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Friday, 04/05/2013, 10:37 am

EXCLUSIVE | King Mo: I Want Rampage To Make His Money And Be Happy | BJPENN.COM RADIO

Muhammed “King Mo” Lawal talked with BJPenn.com Radio Wednesday night about a number of topics, ranging from his recent fights to his pro wrestling career.  But given all that has happened in the last few days, the conversation inevitably turned to the controversy being stirred up between Nick Diaz and Georges St. Pierre following UFC 158.

King Mo, who is no stranger to drama outside of the cage given his well-documented beef with Quinton “Rampage” Jackson, offered an honest outsider perspective on the post-UFC 158 drama.

“I don’t really know,” he said, “I don’t really care, as far as MMA is concerned I don’t really keep up with the internet, there’s just so much going on.  But GSP’s been champion at 170 for so long, I really doubt that he’s cheated, but who knows?  He’s made 170 for years, so why cheat now?… At the same time… you never know!  If I were Diaz I’d do the same thing.  I think the way he’s doing it is right, if you feel you were wronged.  I can’t tell a man how to feel.  If that’s how he feels, he should go ahead and speak out instead of wait [until] 8 months later… If you can do it now, while it’s still fresh, go ahead and do it.  To me it’s not a scandal, a scandal is like if he weighed in at like 180, and he lied to the public that he weighed in at 170.  That’s a scandal to me.  But one decimal, I don’t know.  I’m pretty sure there’s more to it than what we’re seeing now.  But until then, I really don’t know what’s going.  I hope Nick gets what he wants, I hope GSP gets what he wants.  I know someone is going to be very unhappy with this, so it is what it is.”

When told about the video of a UFC official explaining an off-the-record weight allowance, Lawal did admit that something seemed afoul.  “Ok, that’s different,” he agree.  “At the same time, maybe it’s stadium rules.  I don’t really know.  That’s up to the UFC and everybody else to decide.  Really, why change the rules now?  Who knows?  Diaz and them are smart, they’re on top of their… Somebody’s wrong, and I don’t know who it is.”

On the topic of MMA drama and controversy, Lawal was asked what he thought about a potential fight with Quinton “Rampage” Jackson, given the long-standing beef the two shared while they fought in separate organizations.  With Rampage soon to leave the UFC, he stands a good chance of signing with Bellator if he chooses to continue his MMA career.  Even though King Mo and Rampage did come to terms, the match-up could prove to be an exciting fight.

“I don’t know, he wanted it,” King Mo said, “but really it’s whatever, man.  Me and Rampage are cool, but if he wants to fight me and it makes sense, OK.  It’s whatever.  It’s like this, if we’re in a tournament or if you’re willing to fight me, I’ll fight you.  That’s how I see it.  I ain’t turning nobody down, regardless of who it is, because if they’re willing to fight me then they’re willing to sign up in the tournament.  I just want to see Rampage make his money and be happy.  If he wants to fight me, I’ll fight him.  If he don’t want to, hey, I’ll train with you.  To me, I like the dude, no problem with him.  He’s a vet, a pioneer for a lot of the black fighters as well.  He’s a good dude, we’re cool now.  He’s smart.”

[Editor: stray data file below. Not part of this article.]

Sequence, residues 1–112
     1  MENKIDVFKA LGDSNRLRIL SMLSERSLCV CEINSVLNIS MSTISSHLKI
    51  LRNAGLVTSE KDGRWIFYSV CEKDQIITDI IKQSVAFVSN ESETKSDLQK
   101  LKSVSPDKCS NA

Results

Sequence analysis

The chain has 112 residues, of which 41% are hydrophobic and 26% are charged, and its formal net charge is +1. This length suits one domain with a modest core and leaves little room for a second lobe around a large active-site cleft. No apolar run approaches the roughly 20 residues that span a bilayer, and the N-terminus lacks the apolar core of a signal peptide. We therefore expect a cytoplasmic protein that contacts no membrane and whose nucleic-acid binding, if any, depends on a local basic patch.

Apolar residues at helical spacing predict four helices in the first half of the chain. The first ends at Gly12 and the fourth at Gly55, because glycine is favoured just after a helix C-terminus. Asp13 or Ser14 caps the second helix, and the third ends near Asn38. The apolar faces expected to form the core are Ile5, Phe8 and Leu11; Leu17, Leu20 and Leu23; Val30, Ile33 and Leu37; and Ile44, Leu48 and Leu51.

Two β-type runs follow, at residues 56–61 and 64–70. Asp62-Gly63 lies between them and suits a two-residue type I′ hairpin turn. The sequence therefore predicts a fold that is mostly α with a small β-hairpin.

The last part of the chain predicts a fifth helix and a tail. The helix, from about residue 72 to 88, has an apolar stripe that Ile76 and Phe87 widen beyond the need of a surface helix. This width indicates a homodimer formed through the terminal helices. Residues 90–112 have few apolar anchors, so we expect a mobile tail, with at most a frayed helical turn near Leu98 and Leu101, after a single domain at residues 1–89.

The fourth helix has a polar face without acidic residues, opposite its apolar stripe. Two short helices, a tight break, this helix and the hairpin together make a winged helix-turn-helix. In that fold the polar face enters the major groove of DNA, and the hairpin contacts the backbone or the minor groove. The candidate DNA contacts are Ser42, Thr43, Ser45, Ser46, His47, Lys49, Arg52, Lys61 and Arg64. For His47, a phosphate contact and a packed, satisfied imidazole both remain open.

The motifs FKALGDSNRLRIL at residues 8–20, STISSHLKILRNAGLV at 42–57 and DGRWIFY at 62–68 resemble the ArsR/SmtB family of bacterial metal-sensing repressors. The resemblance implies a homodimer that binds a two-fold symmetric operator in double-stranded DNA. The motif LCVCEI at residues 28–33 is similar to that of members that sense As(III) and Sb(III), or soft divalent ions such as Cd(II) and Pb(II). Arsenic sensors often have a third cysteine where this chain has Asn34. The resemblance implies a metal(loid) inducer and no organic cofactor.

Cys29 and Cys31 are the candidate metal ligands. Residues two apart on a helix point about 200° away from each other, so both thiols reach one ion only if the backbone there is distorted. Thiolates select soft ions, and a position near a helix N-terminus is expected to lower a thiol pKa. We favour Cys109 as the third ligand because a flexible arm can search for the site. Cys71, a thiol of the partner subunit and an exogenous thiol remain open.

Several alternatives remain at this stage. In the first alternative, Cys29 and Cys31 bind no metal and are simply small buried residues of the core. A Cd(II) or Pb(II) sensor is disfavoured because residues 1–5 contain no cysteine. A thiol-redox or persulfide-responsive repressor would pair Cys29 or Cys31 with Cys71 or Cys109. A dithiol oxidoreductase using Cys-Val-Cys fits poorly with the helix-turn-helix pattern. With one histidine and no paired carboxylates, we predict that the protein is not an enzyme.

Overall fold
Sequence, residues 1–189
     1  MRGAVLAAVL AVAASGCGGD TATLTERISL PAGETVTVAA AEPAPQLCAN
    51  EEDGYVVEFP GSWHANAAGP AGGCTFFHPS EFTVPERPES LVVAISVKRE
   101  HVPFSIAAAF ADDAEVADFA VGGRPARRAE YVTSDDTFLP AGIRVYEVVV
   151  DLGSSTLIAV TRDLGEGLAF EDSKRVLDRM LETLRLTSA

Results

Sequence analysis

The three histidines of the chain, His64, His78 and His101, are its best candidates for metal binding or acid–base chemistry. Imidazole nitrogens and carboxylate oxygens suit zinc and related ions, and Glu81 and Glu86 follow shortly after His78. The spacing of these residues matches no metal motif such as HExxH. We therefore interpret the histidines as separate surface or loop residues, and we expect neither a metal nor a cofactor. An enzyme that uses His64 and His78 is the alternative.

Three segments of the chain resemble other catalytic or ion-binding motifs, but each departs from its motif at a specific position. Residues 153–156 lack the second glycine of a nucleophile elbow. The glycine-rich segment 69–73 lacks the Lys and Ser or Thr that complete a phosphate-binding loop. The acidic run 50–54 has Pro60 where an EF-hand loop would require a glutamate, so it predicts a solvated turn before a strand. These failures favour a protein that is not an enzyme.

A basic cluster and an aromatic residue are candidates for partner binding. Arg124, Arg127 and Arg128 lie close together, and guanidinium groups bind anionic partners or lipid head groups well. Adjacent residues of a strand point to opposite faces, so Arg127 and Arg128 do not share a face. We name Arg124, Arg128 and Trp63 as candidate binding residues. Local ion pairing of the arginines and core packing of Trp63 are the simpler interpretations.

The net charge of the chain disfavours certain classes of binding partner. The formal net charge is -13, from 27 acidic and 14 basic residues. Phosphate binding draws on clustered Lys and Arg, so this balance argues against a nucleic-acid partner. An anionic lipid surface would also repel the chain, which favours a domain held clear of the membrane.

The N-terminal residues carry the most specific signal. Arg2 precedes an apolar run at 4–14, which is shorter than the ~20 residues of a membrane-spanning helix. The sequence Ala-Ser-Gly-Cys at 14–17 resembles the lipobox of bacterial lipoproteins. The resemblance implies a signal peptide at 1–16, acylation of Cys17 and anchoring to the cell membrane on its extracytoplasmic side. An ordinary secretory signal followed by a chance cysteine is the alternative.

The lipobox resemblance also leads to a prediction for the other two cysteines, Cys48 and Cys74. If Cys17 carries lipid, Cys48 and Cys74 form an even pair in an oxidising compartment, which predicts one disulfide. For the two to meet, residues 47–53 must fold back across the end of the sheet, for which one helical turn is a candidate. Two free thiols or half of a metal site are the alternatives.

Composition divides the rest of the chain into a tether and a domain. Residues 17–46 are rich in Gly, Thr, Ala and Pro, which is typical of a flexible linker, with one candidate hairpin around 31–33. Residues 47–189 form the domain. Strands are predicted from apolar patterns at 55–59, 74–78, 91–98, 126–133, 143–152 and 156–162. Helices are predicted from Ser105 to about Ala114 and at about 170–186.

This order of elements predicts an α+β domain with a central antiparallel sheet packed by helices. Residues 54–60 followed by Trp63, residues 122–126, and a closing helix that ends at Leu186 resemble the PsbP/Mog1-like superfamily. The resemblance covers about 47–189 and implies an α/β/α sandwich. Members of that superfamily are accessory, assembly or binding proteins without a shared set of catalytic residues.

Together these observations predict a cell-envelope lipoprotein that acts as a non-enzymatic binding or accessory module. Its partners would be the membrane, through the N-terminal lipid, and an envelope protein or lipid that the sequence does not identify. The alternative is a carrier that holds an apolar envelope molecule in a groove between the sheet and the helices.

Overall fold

On a final note about the UFC, Mo was asked what he thought about the popular bias toward the UFC.  In most MMA rankings, and indeed in public opinion worldwide, the consensus seems to be that the UFC champions are ranked at the very top of their respective weight-classes.  In typical King Mo style, however, he could care less about what the crowds think.

“No, it’s irrelevant… It’s like the entire United States believed at one point that black people weren’t smart.  You know what I’m saying?  Everyone can believe what they want to believe.  I know what’s true, I’ve competed at the highest level, I know that organization means nothing.  That’s like saying to be the WBO champ is more than being the WBC champ in boxing.  So it’s not about what organization you’re in, it’s about who you are and your style.  Styles make fights.  You can get a guy that’s not known, put him against a person that’s known, and he may have the right style to defeat that person.  So I know that the average fan will not know because they don’t compete, or they never did compete, they’re just listening to what Joe Rogan and everybody says.  Like, ‘Wow, this guy was a 2-time state champion in Maine or Mississippi, he’s a world-class wrestler.’  But guess what?  They believe that s***.  ‘Wow, he was a Gold Glove, he has high-level boxing, he was a Gold Glove champion in Delaware.’  Well he may be a Gold Glove champ in Delaware, but that doesn’t me he’s a high-level boxer.  It is what it is, it’s all marketing.  The world believes that the best fighters are there [the UFC], and that’s for them to think.  I don’t care what the world thinks, I just care what my family thinks and what I think.”

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